By Bree Davies
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This time last month, Matt Morris was on stage with Justin Timberlake, performing in front of millions on the Hope for Haiti Telethon. And that was on the heels of appearing on Letterman — a thrilling gig for any artist, much less an unknown one. But right now, the thirty-year-old singer-songwriter, whose vocal range is every bit as impressive as Timberlake's and perhaps even more expressive, sounds just as excited about the fact that his first headlining gig at the Bluebird this weekend is nearly sold out.
"Isn't that awesome?" Morris exclaims, his voice crackling with unmistakable glee. "I'm so excited!
"What I'm experiencing right now," he continues, "comes from the decision to enjoy these moments. Because, despite what it may look like from the outside, we still have no idea what's going to happen — like, we have no idea where this is going to go. And some people would say, 'Oh, I know where it's going to go.' It's like, 'Well, you have some secret. I don't know how you know, because I don't. You know?'"
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The vulnerability underlying Morris's statements is endearing. Maybe it's because he's at the front end of his career and hasn't really had a chance to become jaded and cynical and self-absorbed like so many other artists, but there's just something refreshingly sincere about the guy. He's gracious, polite, and operates without a sense of entitlement — which he'd certainly be justified in having, considering his pedigree and powerful affiliations.
Morris's father, Gary, was a country-music star in the '80s, and Morris himself is a protegé of Timberlake's, who signed him to his label, Tennman Records — something every bit of press he's garnered thus far has mentioned. The obvious implication, of course, is that because of Morris's association with Timberlake — whose name has the clout to open doors that most artists spend a lifetime knocking on — fame and fortune will be handed to him.
Granted, Morris has been given an undeniable leg up compared to other emerging artists — one that's allowed him to skip a few steps — but ultimately, he recognizes that he's going to have to work hard and not squander this opportunity to make a name for himself. Timberlake's certainly not cutting him any slack.
When the two were in the studio recording Morris's debut, the presciently titled When Everything Breaks Open, which Timberlake co-produced with Charlie Sexton, Timberlake pushed him to deliver the best vocal performance possible. "I didn't feel that good about it in the moment," Morris recalls. "It was late and I was tired; I'd been recording for days. But he said, 'I really think you have a better one in you,' and so I had to say, 'All right, fine, let's try it again.' And it turned out to be a great vocal. And we were able to get there because we hold each other to a really high standard."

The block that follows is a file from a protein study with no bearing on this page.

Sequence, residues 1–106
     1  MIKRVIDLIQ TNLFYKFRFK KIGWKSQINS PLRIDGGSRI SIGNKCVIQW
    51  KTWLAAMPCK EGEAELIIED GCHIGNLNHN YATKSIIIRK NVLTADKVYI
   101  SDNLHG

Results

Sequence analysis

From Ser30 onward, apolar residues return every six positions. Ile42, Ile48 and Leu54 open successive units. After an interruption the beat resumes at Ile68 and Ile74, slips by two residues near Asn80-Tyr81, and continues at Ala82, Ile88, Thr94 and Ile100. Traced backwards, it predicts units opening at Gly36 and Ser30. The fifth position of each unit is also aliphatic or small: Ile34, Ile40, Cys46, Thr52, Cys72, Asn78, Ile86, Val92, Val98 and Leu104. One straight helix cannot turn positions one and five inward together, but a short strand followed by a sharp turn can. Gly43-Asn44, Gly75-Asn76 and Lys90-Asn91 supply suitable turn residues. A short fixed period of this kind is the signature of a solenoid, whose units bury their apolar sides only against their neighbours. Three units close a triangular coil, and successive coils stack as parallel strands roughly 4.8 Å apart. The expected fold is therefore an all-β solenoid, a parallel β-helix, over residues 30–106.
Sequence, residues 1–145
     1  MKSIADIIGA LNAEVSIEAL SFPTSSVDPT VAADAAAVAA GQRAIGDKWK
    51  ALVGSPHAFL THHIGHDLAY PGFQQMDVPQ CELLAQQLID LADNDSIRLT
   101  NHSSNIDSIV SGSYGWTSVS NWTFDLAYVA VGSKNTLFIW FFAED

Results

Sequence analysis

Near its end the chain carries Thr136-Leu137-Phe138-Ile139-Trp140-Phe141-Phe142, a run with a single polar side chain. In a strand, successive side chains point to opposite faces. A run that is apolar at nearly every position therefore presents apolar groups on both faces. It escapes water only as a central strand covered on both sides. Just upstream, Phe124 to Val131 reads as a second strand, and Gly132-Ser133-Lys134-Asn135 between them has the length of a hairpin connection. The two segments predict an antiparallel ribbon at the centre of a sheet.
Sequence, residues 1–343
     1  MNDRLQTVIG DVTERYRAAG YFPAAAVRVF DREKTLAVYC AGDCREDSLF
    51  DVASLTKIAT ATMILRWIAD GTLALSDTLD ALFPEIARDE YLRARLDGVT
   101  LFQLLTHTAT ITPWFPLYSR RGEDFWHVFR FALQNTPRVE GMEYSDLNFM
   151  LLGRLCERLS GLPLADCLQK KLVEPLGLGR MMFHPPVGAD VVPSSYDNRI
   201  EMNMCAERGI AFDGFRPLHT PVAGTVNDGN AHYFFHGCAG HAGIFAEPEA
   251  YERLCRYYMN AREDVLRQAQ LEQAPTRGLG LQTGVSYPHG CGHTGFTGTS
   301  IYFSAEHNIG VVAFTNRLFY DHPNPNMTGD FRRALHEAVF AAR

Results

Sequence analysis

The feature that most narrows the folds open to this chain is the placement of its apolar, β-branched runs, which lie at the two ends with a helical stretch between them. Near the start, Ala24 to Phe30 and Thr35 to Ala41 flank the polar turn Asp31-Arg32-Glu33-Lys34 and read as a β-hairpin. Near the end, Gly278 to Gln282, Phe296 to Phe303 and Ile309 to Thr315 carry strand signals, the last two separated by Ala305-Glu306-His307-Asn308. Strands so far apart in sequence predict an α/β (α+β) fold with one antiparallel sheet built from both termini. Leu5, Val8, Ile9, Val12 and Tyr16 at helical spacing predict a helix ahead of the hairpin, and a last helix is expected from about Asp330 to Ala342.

The friendship between Timberlake and Morris dates back to when they were both castmates on The New Mickey Mouse Club. At the time, they were on equal footing — and despite Timberlake's current stature, they've maintained a similar relationship today. The friends have a profound appreciation for each other's art, which is why the former 'N Sync heartthrob has chosen to champion Morris through his new label. "Justin respects me," Morris affirms. "He respects my need to make decisions as is best for me. He's someone who really knows me well and believes that I do something that's worth hearing."
Before the Mouseketeers met in South Florida, Morris was just a precocious kid with deep Denver roots. "My grandma jokes about it," he says with a laugh, "but between the Hernandezes and Vigils and the extended families on both sides, I'm related to a third of the city."
The Hernandez side comes from his mom, Teri, while the Morris name comes courtesy of his father, who moved to Denver from Texas in the early '70s, establishing his music career here long before his son was born in 1979. Gary and Teri split up when Matt was still an infant, and he stayed behind with his mother, living in the Barnum neighborhood until fourth grade, then moving to Bear Valley with his mom and stepdad, Ken. Matt was in sixth grade at Sabin Elementary when he joined the cast of the New Mickey Mouse Club, and spent the better part of the next five years in Orlando, living in the Mouse's shadow.
Morris was part of an outfit called MMC, which he describes as Disney's first attempt to manufacture a band. He went on a fourteen-city tour of Target stores across the country, but never felt much artistic ownership in the group, just sang backing vocals and occasionally took the lead. So when the show wrapped and MMC was given a chance to tour Europe, Morris turned it down. "It just didn't feel like the right thing to me," he explains. "The choreography and singing these songs that I didn't write and that I didn't even necessarily like that much — at the end of the day, I was listening to other kinds of music. I was playing Tori Amos's Little Earthquakes 24/7; I was in my basement lighting candles and listening to the Feels' first record. To me, I was going into more introspective music and paying more attention to it, and I didn't want to bop around on stage. And so what to some people seemed like a really bad decision, passing up on an opportunity to explode in Europe and after that become a superstar — it just didn't make sense to me."